nisvanis

Music Video: Nisvanis

I’ve been working on a story about Nisvanis for the past few days. Subsequently, I’ve made my way through several of their music videos, some of which I thought I’d share.

Nisvanis, which formed in 1996, is Mongolia’s first grunge band. Heavily inspired by Nirvana, they brought a new sound of rock music to Mongolia, helping to change the musical landscape. As lead singer Amgaa told me, “Nisvanis is the bridge of Mongolian rock music from the hard times to the good times – from socialism to now. In the beginning of the 1990s, rock music was almost dead. We took what existed of rock music then, and ushered in the new era of Mongolian rock music.”

Metal_Concert

Live from UB: Metal Showcase

Last Sunday I attended the Season 3: Metal Concert here in Ulaanbaatar. The show featured Mongolia’s top metal/grunge/hardcore bands. It ended up being more of an experience than I had anticipated.

I’ve always been more of a folk/acoustic kind of girl. I appreciate all genres of music, but if I had my choice between attending a grunge concert and attending a folk concert, I would choose folk at least 95% of the time. I’ve never felt quite at home at any sort of concert that involves a mosh pit. Even in the United States I feel like a foreigner when I attend more hardcore shows. And so attending a metal showcase in Mongolia had me feeling like the ultimate outsider. The skinheads who greeted us (the only two white girls) with harsh stares when we walked in didn’t help. But, the musicians who generously let us film and checked in on us throughout the concert did!

Below are three songs by three different bands: Nisvanis, Prophets, and Zugeer I…  And, while I was busy filming, Hedy Dohm was snapping away. Check out her photos from the show here.

Enjoy the foray into the Mongolian metal scene!

Duunii Klip: ‘Asar Basar’ by Ice Top featuring Brothers

UPDATE: A friend of mine who is very knowledgeable about all Mongolian popular music explained that this song was written to help protect this Mongolian dog breed whose numbers are dwindling. ‘Asar’ and ‘Basar’ are popular names for these dogs.

I was feeling a bit tired this evening, so I spent some time doing research in front of the TV, which is to say, flipping through all 65 of my Monoglian TV channels to see what’s out there. I caught this interesting music video by the hip hop group Ice Top.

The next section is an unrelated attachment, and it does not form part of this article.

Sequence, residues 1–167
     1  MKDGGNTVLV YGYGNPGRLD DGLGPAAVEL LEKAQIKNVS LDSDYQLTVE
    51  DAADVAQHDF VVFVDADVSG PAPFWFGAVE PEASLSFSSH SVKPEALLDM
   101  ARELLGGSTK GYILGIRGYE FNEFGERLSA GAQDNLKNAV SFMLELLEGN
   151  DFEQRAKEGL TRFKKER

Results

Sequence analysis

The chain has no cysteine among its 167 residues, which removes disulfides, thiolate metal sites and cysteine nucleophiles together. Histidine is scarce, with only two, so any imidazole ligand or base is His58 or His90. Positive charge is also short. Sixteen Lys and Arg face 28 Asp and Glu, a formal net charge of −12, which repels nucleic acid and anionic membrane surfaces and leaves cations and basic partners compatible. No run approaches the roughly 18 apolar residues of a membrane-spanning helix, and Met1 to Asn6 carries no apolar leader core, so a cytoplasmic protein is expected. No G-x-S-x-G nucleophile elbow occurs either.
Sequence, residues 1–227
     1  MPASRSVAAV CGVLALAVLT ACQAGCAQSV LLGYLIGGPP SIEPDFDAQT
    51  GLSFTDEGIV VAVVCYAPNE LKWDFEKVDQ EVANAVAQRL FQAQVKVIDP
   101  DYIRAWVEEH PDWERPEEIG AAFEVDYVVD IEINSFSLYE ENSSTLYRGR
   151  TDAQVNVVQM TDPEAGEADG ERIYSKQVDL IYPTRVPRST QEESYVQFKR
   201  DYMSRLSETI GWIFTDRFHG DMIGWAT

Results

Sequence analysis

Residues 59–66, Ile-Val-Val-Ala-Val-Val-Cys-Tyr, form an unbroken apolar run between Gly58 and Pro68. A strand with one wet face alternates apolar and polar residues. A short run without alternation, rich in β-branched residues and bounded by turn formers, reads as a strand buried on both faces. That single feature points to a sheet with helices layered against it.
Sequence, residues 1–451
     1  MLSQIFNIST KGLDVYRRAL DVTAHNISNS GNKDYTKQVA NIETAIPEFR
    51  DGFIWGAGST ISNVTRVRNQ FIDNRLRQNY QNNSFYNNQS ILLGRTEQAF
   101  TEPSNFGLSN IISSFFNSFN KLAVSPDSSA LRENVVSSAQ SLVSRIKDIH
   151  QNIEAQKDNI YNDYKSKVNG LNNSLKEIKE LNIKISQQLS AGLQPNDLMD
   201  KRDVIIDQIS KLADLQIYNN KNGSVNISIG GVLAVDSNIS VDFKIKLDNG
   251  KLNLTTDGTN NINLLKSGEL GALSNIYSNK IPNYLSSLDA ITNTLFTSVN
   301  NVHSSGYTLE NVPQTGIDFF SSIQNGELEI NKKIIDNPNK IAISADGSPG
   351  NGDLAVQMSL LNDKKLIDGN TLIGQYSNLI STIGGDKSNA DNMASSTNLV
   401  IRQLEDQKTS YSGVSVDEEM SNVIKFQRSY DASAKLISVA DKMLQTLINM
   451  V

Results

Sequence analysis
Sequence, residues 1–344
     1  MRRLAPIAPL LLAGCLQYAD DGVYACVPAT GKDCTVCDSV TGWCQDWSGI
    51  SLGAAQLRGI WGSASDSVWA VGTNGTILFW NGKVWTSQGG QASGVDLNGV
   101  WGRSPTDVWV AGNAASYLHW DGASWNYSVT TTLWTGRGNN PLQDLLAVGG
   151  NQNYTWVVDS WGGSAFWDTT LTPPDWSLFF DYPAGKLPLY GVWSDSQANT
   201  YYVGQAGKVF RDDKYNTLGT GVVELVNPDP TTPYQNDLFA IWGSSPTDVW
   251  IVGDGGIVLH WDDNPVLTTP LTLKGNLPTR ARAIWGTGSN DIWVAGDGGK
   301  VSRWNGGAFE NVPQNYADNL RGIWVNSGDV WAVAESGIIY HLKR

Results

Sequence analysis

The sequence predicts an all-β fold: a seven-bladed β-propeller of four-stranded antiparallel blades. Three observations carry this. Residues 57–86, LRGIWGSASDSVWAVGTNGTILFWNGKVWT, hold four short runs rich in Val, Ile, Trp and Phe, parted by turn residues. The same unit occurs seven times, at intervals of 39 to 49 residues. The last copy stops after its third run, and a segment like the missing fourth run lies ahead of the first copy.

This is one of the more self-referential Mongolian hip hop music videos I’ve seen. The dogs are a special Siberian breed known for their light-colored eyebrows (or 3rd and 4th eyes). On top of praising the Mongolian dogs, Mongolian symbols are littered throughout the video: the soyombo (featured on their flag), the yin-yang, the prayer scarves, a statuette of a Chinggis Khan-era warrior, the horse-head fiddle, and on.

I’m still unclear if it’s tongue-in-cheek or in earnest. Regardless, it’s very entertaining.

Duunii Klip: ‘Burte Bujin’ by Tsetse

One of Mongolia’s top rappers at the present is Tsetse. According to my friends, he’s actually living in Nebraska, but recording and then selling records (or more likely having his records pirated) here.

In the song ‘Burte Bujin’, Tsetse tells the story of a love triangle and the eventual resulting heartbreak. The video was done by a friend of mine who is a designer here in UB. Considering it was one of his earlier film projects, I’d say it’s pretty pretty good.

Duunii Klip: Nara Featuring Bx, ‘Mongol Naadam’

When I’m not about to leave my apartment to catch a live performance (like now!), I’m spending a lot of time getting lost amidst a forest of Mongolian music videos on YouTube. Everyone has music videos, and as far as I can tell, it’s one of the best ways to find bands.

With that in mind, I’m going to start something I’d like to call ‘Khogjmiin Kino of the Day’*. ‘Khogjmiin’ refers to music and ‘Kino’ is the Mongolian word for film, which I’m guessing has roots in ‘cinema’.

Today’s find is musician Nara featuring rapper Bx. ‘Mongol Naadam’ refers to the annual Naadam Festival, the national sporting competition that takes place every July and showcases Mongolia’s top archers, wrestlers, and horse racers.

Note: I have updated ‘Khogjmiin Kino’ to ‘Duunii Klip’, a more common Mongolian term for music video.

*’Duunii’ is song and ‘Klip’ is clip.